And so, they argue, Western policies aimed at stemming the drug trade suffer from the fatal flaw that their partners in this effort, the Central Asian governments, benefit from the trafficking:=
"[S]ecurity risks that link Afghanistan to the former Soviet republics of Central Asia are often highly exaggerated, especially so the alleged link between narcotics trafficking and radical Islamist groups. In reality, throughout Central Asia the main players in narcotics trafficking are government employees, security officers and mafia figures," the report says. "Throughout Central Asia the narcotics trade has deeply penetrated the economic, social, political and security structures and created mutually beneficial relations. Powerful government and security figures use state resources and structures to actively assist and/or control this trade in cooperation with powerful mafia leaders."
A court in Uzbekistan's capital, Tashkent, has slapped an enormous fine on a journalist for “threating public security” after he criticized local authorities. The case was prosecuted so quickly, in only three days, that the journalist was unable to secure a lawyer.
On June 28, the Shayhantahur District criminal court fined Said Abdurakhimov, who writes under the penname Sid Yanyshev, 9.6 million sums ($3,200 at the black market exchange rate), or 100 minimum monthly wages. The court found Abdurakhimov guilty of working without accreditation and for "producing or storing materials threatening public security and public order for distribution," the Moscow-based Fergana News website reported. The court also ordered the seizure of Abdurakhimov’s video camera.
The offending article, published by Fergana News on June 25, discussed authorities' failure to compensate residents whose homes were destroyed to build a highway.
The independent Uznews.net website said that following the publication, police in Tashkent had forced two women who had spoken to Abdurakhimov to file a complaint against him.
In the short period between the publication, the charges, and the court hearing, Abdurakhimov was not able to hire a lawyer and learn the case material, Uznews.net said. Fergana News said he would appeal.
Tajik President Emomali Rakhmon has staked his legacy on the Rogun dam. From the National Museum of Tajikistan.
Two new reports should interest anyone following progress building the world’s tallest dam—Tajikistan’s 3,600-MW dream, Rogun.
The World Bank has released drafts of its long-awaited Rogun feasibility studies. They appear to give Tajikistan the green light to build Rogun, saying the dam is the best way to end the country’s crippling energy shortages. However, the economic model used to make the recommendation seems to assume a set of unlikely conditions, from financial reforms and improvements in Tajikistan’s insolvent electricity industry to a major breakthrough in relations with a prickly neighbor.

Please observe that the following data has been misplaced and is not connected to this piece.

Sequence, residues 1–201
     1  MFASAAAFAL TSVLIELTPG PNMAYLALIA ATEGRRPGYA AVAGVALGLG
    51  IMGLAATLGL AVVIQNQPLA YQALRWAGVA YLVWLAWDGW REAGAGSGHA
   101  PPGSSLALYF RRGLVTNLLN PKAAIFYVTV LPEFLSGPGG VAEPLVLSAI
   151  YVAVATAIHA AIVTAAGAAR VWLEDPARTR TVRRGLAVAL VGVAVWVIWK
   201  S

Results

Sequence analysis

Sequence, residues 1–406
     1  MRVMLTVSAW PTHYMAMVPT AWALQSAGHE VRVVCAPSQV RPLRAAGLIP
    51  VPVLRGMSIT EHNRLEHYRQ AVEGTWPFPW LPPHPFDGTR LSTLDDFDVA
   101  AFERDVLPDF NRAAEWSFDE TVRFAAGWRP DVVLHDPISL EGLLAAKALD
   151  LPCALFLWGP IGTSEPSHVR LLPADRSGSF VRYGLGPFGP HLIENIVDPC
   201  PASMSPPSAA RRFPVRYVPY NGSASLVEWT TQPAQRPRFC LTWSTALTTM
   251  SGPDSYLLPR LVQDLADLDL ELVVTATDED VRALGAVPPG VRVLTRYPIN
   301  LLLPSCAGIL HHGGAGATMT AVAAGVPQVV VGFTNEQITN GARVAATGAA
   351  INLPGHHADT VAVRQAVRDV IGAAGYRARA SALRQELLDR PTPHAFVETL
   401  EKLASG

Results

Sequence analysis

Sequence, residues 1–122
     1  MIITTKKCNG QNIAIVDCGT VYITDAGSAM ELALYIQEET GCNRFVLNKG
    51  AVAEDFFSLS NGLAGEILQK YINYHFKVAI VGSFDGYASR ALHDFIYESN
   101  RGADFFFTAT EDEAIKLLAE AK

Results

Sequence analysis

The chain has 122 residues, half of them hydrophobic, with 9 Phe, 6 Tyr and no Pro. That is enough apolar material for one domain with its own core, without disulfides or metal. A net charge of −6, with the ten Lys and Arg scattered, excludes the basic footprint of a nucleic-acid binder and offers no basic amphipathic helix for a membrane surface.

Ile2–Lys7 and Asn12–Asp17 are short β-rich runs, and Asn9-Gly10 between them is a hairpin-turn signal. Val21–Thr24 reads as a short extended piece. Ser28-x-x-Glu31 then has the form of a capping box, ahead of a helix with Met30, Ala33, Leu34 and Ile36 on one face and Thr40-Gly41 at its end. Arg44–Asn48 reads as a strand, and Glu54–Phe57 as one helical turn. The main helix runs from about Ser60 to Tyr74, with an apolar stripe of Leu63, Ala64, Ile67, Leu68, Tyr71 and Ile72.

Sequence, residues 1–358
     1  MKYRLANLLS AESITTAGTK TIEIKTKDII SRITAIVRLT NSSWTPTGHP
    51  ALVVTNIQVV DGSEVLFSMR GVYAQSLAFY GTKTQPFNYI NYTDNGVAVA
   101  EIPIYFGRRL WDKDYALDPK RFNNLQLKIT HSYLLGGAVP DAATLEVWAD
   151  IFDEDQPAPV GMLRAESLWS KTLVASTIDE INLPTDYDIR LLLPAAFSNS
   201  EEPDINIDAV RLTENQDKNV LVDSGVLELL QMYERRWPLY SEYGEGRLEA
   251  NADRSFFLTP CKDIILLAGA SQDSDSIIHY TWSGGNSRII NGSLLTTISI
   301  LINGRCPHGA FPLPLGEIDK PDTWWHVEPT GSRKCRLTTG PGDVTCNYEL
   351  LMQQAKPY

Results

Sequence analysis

Meanwhile, in a second report, Human Rights Watch says the resettlement of 42,000 people whose homes will be destroyed or flooded by Rogun is not going as smoothly as the government has promised.
The World Bank studies look at technical, economic, environmental and social considerations for three potential heights. Overall, the Bank found the tallest Rogun option – 335 meters, the only one Tajik officials talk about – the most economical: “building a dam at the Rogun site is a lower cost solution to meeting Tajikistan’s energy needs than any of the alternatives.”
The U.S. has substantially cut its aid for Central Asian security forces, according to newly released Pentagon data.
The report (pdf) details spending under Section 1004 of the National Defense Authorization Act, which allows the U.S. Department of Defense to train and equip foreign security forces involved in counternarcotics missions. In 2012, the Pentagon seemed to make Central Asia, in particular Kyrgyzstan and Tajikistan, a major focus. But according to the new data, that effort may have been abandoned.
The new data covers the first half of Fiscal Year 2014, from October 2013 through March 2014. Compared to the last full data (pdf), from 2012, there are big cuts across the board (even taking into account that the new numbers are for half a year, and the 2012 numbers for a full year):
Kazakhstan: $187,000 - from $8.7 million
Kyrgyzstan: $1.2 million - from $21.3 million
Tajikistan: $1.1 million - from $15.4 million
Uzbekistan: $156.000 - from $5.7 million
The training that took place under this program was directed less at the military and more at the security services like the GKNB; in 2012 the U.S. trained at least 350 GKNB officers from Tajikistan and 100 from Kyrgyzstan. (It was Tajikistan's GKNB, recall, which arrested political scientist Alexander Sodiqov and accused him of spying.)